Speaking of excellence...apparently K8FF gave a "K8FF original" paddle to Wayne as a gift. It was really nice and had a few changes from the stock NorCal K8FF paddle kit. There were silver tipped contacts, black flat-head screws positioned at the magnets and the arms were held down by a dressed up screw with an Allen wrench head on it. I played with the paddle and it was the smoothest of all the paddles (about 6-8) that I saw during the weekend.

At the QRP open house I was delighted to see all the equipment and paddles built by QRPers. N7VE-Dan Taloe's new 40 meter transceiver prototype left me gasping. I could not believe the intricate nature of the inside of the rig. And it works very well. Pete Hover-W6ZH brought his classic QRP20 rig and KI6DS joked it was one of only 3 or 4 ever to work. Everyone got a laugh out of that. I finally saw Bill-KD7S's cabinets he builds from plastic. Beautiful, functional, strong and low cost. Very impressive.

My QRP History and QRPp, The Milliwatt Magazine

In 1970 while living in Iowa City, Iowa I subscribed to the QRPp Milliwatt Magazine published by W0RSP, Ade Weiss. At Pacificon I met Ade and thanked him for getting me started in QRP 29 years ago. At Pacificon, Bob-KD6VIO of Wilderness Radio also thanked Ade Weiss for the major influence on Bob's life via "The Joy of QRP"; a book written by Ade. QRP Bob gave Ade a complete Wilderness Sierra, all band CW transceiver, as a tangible demonstration of thanks. Later I talked with Ade. He was very appreciative and as an added touch he told me he had been considering ordering a Sierra transceiver only to have Bob fill his need to the max.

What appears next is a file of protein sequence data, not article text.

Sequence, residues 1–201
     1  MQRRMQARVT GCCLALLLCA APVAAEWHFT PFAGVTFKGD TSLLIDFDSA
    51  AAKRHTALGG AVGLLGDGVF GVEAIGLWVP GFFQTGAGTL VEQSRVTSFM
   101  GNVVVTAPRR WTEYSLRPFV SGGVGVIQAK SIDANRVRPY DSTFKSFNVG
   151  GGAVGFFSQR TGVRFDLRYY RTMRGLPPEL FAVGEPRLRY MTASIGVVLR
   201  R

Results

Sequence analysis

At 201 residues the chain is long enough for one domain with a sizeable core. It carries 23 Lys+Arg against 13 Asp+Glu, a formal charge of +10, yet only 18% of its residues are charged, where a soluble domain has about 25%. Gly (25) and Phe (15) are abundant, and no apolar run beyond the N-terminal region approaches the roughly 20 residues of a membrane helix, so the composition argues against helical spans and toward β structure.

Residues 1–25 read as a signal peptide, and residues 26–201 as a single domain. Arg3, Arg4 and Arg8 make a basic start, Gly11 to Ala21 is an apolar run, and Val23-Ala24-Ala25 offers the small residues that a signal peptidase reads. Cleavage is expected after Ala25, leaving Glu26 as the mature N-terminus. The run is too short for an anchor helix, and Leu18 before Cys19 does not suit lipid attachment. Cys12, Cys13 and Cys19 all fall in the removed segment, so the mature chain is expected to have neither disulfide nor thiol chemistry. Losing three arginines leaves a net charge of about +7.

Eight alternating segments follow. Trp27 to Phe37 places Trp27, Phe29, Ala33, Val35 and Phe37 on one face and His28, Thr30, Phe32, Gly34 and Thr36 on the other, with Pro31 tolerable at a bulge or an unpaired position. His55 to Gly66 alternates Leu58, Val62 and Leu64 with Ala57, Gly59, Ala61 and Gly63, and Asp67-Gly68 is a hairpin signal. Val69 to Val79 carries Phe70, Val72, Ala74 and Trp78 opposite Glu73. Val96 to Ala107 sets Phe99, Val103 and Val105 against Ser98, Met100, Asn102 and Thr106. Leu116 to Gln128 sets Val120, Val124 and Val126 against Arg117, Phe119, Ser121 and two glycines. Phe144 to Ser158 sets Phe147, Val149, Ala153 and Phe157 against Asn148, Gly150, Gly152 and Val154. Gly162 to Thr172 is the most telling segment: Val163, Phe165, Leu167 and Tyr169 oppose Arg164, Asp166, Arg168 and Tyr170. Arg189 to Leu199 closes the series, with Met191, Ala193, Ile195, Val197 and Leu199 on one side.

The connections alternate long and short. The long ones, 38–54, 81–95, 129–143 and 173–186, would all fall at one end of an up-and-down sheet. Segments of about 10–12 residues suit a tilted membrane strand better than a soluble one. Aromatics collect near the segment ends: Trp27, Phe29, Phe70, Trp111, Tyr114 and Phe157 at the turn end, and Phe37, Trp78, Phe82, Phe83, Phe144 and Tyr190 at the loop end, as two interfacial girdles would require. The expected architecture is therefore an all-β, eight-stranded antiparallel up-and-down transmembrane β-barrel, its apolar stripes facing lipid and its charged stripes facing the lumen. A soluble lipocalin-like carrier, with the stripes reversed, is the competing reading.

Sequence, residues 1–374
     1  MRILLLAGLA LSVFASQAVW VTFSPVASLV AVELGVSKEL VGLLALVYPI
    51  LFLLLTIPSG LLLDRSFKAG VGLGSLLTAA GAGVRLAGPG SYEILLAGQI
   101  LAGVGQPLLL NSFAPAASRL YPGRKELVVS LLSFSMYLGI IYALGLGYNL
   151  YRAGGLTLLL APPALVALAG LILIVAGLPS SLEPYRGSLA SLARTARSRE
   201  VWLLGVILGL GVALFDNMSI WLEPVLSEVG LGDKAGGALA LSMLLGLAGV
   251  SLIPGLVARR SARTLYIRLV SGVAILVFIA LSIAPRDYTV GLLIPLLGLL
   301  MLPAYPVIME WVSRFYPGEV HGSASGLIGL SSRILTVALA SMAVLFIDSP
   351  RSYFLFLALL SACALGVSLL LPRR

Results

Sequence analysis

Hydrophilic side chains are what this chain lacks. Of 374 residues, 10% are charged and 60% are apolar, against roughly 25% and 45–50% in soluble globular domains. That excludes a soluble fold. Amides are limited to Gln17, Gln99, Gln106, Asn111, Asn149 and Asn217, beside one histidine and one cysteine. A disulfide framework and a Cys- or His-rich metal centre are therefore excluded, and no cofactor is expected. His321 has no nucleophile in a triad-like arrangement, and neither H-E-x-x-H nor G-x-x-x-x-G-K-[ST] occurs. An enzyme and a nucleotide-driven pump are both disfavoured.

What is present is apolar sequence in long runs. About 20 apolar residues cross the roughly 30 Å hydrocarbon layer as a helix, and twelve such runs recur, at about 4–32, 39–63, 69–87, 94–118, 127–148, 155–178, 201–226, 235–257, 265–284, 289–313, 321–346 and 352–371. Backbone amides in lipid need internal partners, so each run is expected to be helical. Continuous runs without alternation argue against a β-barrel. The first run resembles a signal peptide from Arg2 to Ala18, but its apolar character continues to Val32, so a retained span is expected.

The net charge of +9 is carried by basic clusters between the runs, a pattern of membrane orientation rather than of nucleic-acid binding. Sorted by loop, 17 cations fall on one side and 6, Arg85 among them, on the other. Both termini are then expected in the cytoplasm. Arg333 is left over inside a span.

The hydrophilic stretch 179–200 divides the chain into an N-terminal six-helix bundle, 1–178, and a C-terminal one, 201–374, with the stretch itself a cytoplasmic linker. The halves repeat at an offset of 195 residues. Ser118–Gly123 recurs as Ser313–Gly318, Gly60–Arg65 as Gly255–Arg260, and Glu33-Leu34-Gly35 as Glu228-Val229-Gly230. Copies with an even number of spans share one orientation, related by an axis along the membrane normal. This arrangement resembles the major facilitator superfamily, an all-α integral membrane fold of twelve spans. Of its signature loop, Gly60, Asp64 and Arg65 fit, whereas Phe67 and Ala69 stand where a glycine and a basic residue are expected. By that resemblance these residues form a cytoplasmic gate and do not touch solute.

Pacificon Eyeball Logbook

I met Jim Cates, WA6GER, and K5FO (now K7QO), Chuck Adams, and many more in less than two days. I kept a Pacificon QSO log book. I gave out eyeball QSL cards to 100% of the people I met and talked with during the weekend. How many? I talked with 81 hams. I really did concentrate on the people of QRP and I had a great time.

If you can ever possibly make it to the QRP Forums at ARRL Pacificon (Concord, CA), do it...at least once. You will not be sorry you made the trip.

Additional Information

AL7FS was originally licensed as WN0LPK in March 1965 (WA0LPK from 1965-1985). Jim is a member of the Anchorage Amateur Radio Club and the South Central Radio Club. For a while he was a Moonbounce (EME) fanatic and earned 2 meter WAS #36. Even then he operated in QRP style, using only about 600 watts output. Jim has participated in HF from 160-10 meters (CW and SSB), packet, satellite, 6 meter, UHF, VHF, ATV, DX, and QRP. QRP has lasted the longest and the strongest - 1970 to the Present.

Permission is granted for reproduction of this article if it is used as written (or changes agreed to by author) and credit is given to the author. Email is found on my home page.